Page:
The ECB’s August data show that monetary tightening pass-through is strong. The average interest rate on new bank loans was almost 5% for businesses, 8% for consumer loans and 4% for mortgages. Credit creation had already slowed significantly and this has been exacerbated by a sharp fall in new business loans.

A look at September’s inflation data reveals significant easing. Year on year, headline inflation fell from 5.2% to 4.3% and the rate excluding food and energy dropped from 5.3% to 4.5%. Underlying inflation was distorted, dragged down by changes in German transport prices and in some category weightings. That being said, when the monthly data is adjusted to account for these distortions, inflation is clearly abating. Core inflation is estimated to have risen at an annualised rate of around 3% in the last three months, only half the rate observed at the start of the year.

Following the ECB’s 25-bps policy rate increase in September, the central bank now considers that rates are high enough to bring inflation down. The question is how long they will stay this high.

*PMI: Purchasing Managers Index. The Purchasing Managers’ Index (PMI) summarises confidence levels among business purchasing managers.    A figure above 50 indicates positive sentiment, while a figure below 50 indicates negative sentiment.


China: signs of stabilisation

Third-quarter growth figures and September’s data indicate that the Chinese economy is stabilising. Annualised GDP grew faster than expected at 5.3% in the third quarter following 2.0% in the second quarter. Carry-over growth for the first nine months of 2023 now stands at 5.2%. Barring the unforeseeable, the government is on the way to achieving this year’s growth target of 5%.

Following August’s positive economic readings, September’s figures brought more good news. Annualised manufacturing output stabilised at 4.5% and the services sector accelerated, growing 6.9%. Retail sales rebounded by 5.5% and investment by 2.5%. Exports contracted by -0.6%, imports by -6.2%, and new loans in China rose more than expected.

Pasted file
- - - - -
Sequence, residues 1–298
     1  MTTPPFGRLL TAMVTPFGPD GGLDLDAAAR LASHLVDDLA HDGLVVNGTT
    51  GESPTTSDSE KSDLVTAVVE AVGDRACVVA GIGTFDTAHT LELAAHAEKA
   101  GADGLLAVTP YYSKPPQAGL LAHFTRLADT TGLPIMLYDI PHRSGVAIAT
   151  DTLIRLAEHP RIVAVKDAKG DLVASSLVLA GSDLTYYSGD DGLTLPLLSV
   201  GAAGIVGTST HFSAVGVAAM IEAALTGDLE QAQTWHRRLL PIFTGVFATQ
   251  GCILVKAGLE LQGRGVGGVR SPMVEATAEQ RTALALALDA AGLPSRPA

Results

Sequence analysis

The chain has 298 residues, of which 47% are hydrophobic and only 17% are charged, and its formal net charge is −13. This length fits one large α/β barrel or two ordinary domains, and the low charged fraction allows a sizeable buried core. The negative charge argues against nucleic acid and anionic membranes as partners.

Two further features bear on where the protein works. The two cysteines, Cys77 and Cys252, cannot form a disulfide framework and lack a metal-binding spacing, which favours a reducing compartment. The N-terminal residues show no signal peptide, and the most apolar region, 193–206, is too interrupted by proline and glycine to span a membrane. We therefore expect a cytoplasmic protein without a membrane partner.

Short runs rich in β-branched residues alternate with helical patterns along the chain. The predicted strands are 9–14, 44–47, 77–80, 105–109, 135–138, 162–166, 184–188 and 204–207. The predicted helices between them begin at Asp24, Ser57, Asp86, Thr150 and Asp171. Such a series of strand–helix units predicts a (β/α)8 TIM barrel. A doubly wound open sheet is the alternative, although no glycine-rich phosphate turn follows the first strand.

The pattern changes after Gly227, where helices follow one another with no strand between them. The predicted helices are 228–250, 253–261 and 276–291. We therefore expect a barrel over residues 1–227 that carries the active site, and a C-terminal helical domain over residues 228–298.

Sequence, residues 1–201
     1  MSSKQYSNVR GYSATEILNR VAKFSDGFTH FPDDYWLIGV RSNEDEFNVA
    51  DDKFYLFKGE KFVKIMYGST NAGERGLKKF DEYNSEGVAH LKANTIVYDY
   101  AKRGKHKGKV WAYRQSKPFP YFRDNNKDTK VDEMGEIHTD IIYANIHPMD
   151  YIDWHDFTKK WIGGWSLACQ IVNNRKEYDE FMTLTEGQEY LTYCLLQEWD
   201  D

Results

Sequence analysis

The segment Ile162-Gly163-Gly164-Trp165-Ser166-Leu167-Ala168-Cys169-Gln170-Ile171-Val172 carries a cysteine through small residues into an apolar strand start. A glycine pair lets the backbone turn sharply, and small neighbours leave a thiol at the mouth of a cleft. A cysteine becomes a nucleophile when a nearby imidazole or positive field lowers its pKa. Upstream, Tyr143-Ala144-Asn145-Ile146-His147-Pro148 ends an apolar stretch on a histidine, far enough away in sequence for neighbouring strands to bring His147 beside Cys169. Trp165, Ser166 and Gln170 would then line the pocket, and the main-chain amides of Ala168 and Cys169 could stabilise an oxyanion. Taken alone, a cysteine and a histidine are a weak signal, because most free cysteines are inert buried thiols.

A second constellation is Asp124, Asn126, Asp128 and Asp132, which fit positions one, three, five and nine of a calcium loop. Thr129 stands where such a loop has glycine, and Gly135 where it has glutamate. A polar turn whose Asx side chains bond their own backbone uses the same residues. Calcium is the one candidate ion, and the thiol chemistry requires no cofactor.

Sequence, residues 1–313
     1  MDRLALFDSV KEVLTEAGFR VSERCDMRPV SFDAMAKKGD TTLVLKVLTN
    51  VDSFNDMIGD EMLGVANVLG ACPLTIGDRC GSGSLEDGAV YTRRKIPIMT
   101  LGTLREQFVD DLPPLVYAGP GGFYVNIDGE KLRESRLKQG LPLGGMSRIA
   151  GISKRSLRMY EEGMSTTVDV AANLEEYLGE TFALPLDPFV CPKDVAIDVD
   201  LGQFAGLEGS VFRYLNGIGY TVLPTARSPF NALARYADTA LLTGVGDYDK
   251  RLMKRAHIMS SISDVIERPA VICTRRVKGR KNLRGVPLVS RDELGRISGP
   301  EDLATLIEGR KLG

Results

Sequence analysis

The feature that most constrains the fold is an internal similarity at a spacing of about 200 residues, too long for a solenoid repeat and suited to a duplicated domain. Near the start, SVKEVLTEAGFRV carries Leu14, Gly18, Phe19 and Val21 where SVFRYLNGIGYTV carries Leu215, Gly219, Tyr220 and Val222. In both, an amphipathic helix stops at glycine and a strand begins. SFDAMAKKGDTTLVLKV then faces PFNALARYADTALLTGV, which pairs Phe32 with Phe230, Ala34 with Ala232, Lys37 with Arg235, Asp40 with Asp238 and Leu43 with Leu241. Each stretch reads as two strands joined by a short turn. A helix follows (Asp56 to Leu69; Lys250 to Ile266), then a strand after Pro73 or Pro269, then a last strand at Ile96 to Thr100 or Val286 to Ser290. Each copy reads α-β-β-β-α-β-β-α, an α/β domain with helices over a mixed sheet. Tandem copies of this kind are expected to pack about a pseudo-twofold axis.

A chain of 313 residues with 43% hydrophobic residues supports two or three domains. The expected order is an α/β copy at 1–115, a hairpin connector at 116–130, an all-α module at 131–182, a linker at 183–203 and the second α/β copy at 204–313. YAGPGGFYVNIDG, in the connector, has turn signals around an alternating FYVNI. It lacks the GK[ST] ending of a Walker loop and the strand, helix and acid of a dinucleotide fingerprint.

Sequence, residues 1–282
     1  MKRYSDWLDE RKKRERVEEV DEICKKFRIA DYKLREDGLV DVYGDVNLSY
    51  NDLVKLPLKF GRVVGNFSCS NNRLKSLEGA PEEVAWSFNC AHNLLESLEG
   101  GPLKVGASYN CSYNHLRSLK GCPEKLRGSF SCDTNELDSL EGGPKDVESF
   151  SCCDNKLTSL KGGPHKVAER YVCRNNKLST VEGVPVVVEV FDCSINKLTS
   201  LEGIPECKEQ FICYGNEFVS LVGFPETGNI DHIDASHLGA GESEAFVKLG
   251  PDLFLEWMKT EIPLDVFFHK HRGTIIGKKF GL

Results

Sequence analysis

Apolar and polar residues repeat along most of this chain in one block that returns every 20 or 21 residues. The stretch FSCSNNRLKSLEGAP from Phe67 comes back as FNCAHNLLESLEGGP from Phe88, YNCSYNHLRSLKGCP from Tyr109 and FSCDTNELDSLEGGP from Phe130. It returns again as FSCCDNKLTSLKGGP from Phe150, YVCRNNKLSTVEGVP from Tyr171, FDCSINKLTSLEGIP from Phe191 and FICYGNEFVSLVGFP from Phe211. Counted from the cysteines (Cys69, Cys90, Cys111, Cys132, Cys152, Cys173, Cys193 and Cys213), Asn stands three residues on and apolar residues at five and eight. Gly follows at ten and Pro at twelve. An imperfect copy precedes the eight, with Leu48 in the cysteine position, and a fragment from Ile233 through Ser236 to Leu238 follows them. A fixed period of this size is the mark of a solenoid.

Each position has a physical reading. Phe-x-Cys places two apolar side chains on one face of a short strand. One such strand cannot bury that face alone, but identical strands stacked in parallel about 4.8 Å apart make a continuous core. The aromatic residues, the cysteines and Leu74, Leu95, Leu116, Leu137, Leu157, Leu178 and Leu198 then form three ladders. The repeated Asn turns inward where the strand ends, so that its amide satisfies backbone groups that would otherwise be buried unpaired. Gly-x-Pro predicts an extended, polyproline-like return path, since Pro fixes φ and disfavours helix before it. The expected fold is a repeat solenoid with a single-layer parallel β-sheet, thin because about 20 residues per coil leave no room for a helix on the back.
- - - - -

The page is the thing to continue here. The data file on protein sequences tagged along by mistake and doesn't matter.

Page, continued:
September’s PMI surveys diverged, with the official PMI rising from 51.3 to 52.0 and the Caixin PMI falling from 51.7 to 50.9. This can be explained by the fact that the official PMI focuses on large state-owned companies while the Caixin gathers data primarily from private sector small- and medium-sized companies. The average of these two indices reveals a composite PMI reading that has been stable at 51.5 for three months.

While the data is encouraging, the road to recovery for China’s economy remains uncertain due to turmoil on the property market. While the pace of contraction in housing sales eased in September, it stands at -17% year on year, suggesting that the impact of the government’s measures to support demand has been limited so far. Property prices are still falling, which is not good news for buyers.

Another source of bad news in the sector are the embattled property developers. Country Garden has warned that it expects to miss its bond debt payments and Evergrande has announced that it is unable to issue new bonds due to a regulatory investigation in China. This is a setback in the plan to restructure its offshore debt, which includes replacing defaulted debt by issuing new debt. A request to liquidate Evergrande’s assets has been filed with a Hong Kong court and awaits a decision. A hearing is scheduled for 30 October.

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The opinion expressed above is dated October 19st 2023 , and is liable to change.